This study has several strengths. First, the study was of high methodological quality regarding the comprehensive testing applied at the memory clinics to diagnose MCI or mild dementia, randomization, blinding, testing, and analysis procedures. Second, the tests and questionnaires used in this study have been validated in the senior population and previously applied in older adults with cognitive impairment. Third, all participants have been diagnosed with the same, high standard diagnostic setting before they were enrolled. Nevertheless, the main limitation of this study is that the high standard of diagnostic and enrollment criteria made the recruitment very challenging and resulted in a small sample size. Also, our results are not applicable to older adults who are either cognitively healthy or affected by more severe stages of dementia.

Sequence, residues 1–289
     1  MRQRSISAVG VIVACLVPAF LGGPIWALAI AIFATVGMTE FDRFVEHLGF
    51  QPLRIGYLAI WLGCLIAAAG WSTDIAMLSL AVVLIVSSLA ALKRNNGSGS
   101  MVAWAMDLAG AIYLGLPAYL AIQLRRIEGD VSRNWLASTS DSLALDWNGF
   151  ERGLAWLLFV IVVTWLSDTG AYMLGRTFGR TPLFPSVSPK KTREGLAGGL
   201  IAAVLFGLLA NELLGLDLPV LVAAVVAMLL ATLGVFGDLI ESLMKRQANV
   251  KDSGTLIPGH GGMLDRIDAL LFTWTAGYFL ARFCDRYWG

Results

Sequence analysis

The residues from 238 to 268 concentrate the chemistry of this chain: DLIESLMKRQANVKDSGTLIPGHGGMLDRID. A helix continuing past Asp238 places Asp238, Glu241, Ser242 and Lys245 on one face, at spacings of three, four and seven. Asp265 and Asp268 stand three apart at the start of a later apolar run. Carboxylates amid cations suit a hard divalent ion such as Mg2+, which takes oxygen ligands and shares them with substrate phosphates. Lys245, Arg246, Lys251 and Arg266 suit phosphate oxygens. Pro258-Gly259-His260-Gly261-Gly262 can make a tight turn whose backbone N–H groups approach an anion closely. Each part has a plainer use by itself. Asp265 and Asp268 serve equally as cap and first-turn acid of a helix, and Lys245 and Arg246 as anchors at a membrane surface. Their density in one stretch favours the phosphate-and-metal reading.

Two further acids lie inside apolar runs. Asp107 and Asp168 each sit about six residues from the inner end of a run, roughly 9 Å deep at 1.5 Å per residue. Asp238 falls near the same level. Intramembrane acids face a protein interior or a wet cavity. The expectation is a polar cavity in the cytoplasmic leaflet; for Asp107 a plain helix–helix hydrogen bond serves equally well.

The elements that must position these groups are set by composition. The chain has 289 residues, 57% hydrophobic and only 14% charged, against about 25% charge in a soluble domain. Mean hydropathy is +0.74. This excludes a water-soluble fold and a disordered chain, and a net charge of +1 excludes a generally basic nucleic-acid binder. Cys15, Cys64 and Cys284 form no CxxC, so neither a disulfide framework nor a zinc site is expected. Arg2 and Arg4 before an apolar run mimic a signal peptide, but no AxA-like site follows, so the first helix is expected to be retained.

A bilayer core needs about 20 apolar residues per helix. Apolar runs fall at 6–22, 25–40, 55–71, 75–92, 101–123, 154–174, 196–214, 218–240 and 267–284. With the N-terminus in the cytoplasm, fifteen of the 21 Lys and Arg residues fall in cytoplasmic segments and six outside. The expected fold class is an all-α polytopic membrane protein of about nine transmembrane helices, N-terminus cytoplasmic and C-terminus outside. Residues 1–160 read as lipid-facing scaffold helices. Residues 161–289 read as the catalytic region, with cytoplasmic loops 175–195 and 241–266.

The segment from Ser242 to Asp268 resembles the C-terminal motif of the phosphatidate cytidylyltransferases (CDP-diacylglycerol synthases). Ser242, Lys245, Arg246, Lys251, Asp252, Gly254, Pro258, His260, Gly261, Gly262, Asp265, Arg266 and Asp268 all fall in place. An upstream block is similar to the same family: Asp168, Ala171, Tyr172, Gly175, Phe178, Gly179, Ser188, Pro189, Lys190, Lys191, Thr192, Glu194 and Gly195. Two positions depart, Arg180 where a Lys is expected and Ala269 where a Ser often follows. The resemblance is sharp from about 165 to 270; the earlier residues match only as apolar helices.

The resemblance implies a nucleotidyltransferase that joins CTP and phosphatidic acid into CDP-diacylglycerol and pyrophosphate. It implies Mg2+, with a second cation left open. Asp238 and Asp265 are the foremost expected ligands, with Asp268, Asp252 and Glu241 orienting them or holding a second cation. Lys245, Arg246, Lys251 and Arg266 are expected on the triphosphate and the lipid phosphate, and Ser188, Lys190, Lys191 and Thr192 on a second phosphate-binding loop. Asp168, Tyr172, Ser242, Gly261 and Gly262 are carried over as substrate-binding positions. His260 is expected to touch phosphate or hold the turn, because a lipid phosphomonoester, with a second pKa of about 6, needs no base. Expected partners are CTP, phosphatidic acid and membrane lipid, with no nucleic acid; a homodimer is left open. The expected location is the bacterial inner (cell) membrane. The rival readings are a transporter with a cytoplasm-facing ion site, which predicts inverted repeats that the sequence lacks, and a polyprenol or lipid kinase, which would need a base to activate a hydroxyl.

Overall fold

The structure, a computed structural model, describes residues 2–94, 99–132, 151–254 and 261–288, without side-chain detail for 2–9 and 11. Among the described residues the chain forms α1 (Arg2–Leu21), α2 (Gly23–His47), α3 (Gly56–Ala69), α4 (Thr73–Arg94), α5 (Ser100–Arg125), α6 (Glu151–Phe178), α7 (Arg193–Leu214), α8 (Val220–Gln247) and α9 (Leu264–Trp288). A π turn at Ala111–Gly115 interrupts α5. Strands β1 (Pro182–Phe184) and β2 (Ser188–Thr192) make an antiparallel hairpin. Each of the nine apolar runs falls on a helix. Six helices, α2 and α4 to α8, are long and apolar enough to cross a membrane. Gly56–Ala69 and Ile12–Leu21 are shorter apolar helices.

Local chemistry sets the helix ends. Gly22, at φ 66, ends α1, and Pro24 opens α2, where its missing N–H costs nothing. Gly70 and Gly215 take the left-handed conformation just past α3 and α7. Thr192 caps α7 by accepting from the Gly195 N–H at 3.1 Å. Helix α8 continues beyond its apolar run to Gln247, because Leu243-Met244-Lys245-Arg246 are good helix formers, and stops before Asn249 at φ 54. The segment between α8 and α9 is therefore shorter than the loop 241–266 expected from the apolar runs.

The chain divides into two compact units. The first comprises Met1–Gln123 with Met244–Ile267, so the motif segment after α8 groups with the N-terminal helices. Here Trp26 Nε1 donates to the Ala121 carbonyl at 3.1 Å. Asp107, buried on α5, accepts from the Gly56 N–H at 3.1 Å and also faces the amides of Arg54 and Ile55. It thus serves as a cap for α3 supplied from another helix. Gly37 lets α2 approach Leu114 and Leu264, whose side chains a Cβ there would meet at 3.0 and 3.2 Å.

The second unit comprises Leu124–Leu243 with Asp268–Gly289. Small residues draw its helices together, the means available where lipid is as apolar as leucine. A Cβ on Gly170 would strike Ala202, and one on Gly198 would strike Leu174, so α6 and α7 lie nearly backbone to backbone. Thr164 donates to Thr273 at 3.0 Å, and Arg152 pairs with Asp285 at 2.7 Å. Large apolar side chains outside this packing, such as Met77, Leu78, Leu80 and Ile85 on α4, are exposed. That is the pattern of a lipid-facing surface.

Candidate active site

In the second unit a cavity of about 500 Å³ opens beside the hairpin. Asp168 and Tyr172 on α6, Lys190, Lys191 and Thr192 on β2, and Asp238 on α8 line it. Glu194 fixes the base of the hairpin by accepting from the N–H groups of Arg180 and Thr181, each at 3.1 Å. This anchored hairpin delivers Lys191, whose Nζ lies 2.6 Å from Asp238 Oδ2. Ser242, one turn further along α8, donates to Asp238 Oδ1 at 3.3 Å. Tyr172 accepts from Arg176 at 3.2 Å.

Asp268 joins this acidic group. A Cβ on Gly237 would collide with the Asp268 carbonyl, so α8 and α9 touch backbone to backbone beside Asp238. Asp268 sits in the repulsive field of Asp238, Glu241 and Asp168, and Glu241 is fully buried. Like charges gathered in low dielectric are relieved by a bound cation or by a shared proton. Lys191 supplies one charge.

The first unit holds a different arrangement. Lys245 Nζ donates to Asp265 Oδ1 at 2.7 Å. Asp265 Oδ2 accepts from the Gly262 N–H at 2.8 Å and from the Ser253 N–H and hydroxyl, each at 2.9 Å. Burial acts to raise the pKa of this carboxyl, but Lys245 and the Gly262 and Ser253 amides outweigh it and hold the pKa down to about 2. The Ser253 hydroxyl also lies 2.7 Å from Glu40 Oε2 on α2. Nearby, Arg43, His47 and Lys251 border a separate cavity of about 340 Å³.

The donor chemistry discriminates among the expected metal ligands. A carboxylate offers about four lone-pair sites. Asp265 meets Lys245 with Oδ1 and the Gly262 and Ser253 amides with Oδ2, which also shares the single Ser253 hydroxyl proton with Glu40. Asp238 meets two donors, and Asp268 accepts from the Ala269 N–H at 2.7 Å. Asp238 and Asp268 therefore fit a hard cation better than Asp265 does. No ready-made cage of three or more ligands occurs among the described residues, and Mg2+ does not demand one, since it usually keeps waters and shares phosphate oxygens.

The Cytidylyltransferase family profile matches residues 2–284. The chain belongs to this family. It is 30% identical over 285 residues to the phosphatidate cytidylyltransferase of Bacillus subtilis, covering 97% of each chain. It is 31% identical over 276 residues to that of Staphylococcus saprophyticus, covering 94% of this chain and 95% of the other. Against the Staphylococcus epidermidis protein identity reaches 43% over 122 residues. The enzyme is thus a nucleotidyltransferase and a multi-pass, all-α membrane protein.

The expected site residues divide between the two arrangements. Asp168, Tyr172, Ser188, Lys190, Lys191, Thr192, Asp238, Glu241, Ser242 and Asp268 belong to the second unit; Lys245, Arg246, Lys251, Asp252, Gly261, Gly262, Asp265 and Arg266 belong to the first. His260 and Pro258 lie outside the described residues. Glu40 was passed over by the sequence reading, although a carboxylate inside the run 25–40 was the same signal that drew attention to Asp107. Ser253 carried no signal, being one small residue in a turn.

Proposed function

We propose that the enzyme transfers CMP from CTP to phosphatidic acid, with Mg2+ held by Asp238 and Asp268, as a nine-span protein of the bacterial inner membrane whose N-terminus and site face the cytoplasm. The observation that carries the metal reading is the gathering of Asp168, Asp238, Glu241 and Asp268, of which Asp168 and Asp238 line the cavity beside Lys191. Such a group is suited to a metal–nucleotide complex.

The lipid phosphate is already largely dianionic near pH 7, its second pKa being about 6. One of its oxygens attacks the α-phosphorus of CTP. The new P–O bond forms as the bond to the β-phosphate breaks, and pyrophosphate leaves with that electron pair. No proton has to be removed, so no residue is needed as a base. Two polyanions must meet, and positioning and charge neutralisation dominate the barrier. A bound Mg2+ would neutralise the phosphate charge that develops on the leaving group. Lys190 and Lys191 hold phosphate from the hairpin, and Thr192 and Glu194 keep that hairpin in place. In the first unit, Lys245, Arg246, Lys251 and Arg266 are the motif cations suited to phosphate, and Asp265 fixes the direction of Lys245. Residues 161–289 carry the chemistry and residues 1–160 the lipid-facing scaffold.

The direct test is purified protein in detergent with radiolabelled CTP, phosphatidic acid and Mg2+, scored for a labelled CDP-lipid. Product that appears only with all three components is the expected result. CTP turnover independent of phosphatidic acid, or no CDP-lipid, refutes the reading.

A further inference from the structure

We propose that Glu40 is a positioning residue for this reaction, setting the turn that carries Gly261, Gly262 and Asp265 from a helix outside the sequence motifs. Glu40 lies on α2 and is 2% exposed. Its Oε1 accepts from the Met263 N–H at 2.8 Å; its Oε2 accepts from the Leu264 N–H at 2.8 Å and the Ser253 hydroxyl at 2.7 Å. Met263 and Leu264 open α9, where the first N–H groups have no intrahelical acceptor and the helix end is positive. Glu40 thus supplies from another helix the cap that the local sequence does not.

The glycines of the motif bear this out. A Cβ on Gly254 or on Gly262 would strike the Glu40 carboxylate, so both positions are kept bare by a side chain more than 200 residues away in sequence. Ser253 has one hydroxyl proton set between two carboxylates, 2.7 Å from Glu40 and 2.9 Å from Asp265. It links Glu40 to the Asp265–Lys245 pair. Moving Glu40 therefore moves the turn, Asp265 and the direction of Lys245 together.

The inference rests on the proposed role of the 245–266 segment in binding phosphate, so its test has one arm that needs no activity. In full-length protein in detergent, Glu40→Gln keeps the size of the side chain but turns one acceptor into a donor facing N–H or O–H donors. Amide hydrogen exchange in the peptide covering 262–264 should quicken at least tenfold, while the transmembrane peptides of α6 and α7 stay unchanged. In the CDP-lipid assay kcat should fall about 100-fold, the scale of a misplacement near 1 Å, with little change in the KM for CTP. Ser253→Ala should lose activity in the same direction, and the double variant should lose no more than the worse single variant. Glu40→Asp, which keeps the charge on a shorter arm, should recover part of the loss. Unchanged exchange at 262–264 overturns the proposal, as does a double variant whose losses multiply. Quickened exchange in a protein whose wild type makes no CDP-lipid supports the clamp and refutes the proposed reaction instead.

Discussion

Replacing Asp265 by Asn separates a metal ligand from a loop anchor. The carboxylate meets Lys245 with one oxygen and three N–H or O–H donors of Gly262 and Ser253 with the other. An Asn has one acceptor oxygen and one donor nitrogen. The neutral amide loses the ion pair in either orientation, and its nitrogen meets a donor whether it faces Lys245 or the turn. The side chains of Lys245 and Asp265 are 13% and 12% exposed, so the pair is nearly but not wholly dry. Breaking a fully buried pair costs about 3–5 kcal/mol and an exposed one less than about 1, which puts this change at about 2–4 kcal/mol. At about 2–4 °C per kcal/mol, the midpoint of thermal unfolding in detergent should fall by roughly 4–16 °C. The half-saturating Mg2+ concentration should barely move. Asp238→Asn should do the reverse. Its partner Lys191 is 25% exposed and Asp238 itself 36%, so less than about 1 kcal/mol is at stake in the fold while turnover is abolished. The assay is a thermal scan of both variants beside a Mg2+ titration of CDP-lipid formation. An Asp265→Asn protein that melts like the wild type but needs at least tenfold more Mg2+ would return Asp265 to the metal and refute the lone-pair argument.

The challenges of recruitment and adherence led to the conclusion that a trial testing a home versus a group exercise program for patients with MCI or early dementia is not feasible. Participants at an earlier stage in the continuum of cognitive decline may be more likely to be enrolled and motivated for preventive exercise interventions. In fact, an ideal target population may be older adults with subjective cognitive decline (SCD). SCD is a preclinical state of dementia during which affected individuals already experience deterioration in their cognitive function; however, the changes are not objectively measurable . SCD is an important risk factor for objective cognitive impairment such as MCI and dementia , and the period between individuals first experience SCD until they get diagnosed with MCI or dementia could be considered a window of opportunity for early interventions to prevent cognitive decline and falls. This is supported by recent dementia research guidelines which recommend to include participants with earlier diagnostic disease stages before the full picture of dementia is reached .